Samuel Zhou, senior vice president of New York City-based New Tang Dynasty TV (NTDTV), wants everyone to understand that the Chinese Communist Party (CCP) is firmly in control of all CCTV content seen abroad, and that this TV programming from China deserves very close scrutiny.
"CCTV-4 is CCTV for the overseas Chinese audience, and it serves as the mouthpiece for the CCP aimed directly at all overseas Chinese," said Zhou, who added that CCTV-9 is for English-speaking audiences. "CCTV-4's content has long been present on almost all local Chinese TV's around the world."
Zhou points to the Chinese government's very aggressive campaign to launch 24/7 CCTV-4 broadcasts on various US cable and satellite TV carriers besides DirecTV including DISH Network, Time Warner, RCN, Charter, and Verizon Fios, to name a few. "Since 2004, they have combined CCTV-4 with about a dozen other channels such as Phoenix TV to form a 'Great Wall Platform'," said Zhou. "At the same time, they exert political and commercial pressure on various US pay TV service operators so that they will not carry independent Chinese language TV channels such as NTDTV."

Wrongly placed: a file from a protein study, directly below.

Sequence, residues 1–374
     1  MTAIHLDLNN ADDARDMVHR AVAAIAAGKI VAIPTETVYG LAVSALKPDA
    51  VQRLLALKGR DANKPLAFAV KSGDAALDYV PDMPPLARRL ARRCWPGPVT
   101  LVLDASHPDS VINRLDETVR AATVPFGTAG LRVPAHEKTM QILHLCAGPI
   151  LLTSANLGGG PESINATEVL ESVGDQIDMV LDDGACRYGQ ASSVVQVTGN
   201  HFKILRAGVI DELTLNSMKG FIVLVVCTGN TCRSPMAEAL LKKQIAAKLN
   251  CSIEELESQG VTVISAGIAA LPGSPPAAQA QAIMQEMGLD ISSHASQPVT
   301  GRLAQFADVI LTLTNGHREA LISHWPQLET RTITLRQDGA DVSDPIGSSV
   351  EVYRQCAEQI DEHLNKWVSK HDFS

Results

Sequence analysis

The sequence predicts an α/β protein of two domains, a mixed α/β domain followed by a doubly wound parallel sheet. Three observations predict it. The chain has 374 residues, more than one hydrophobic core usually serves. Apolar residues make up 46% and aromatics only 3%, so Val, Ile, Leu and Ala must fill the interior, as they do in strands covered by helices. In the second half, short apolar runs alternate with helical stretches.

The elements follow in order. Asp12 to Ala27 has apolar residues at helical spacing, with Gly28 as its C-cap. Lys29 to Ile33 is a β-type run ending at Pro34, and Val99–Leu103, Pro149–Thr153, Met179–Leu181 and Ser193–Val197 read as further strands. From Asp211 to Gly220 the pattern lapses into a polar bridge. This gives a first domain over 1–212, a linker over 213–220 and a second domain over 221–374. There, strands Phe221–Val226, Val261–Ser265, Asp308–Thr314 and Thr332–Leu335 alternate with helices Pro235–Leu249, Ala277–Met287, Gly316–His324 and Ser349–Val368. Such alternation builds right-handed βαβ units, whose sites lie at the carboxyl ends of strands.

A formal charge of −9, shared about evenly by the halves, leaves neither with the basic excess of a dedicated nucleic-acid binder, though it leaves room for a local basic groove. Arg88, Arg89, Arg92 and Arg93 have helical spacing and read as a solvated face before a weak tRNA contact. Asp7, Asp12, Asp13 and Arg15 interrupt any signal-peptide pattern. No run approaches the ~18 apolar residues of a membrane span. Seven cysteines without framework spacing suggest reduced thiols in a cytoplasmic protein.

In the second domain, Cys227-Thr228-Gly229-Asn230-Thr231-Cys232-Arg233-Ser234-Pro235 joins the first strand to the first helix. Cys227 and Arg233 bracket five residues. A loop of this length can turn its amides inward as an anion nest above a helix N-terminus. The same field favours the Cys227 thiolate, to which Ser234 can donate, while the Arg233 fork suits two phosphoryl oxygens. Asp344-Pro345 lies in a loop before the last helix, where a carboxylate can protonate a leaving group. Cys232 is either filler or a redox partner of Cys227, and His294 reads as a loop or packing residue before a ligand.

Back in China, Chinasat-9 will now provide the Chinese government with a powerful satellite TV platform which can be used to lure Chinese consumers away from the unauthorized satellite TV services that dominate China's satellite TV scene. This will not be an easy task nor a rapid transition, and yet at last the Chinese government will have its own toolset to promote and distribute satellite TV - and it will be available for free.
Otherwise, if outright competition fails, the government might be compelled to travel down an uncertain path by aggressively enforcing a ban on unauthorized satellite TV dishes
. It has happened in Iran, and it seems as if it is about to happen in Myanmar. However, the dishes almost always reappear in short order. So while turning the tide on satellite piracy might appeal to some government officials, this seems like an unlikely possibility, at least for now. One thing is certain. In bad economic times, taking away someone's satellite TV is not a good idea.
Peter J Brown is a satellite journalist from Maine USA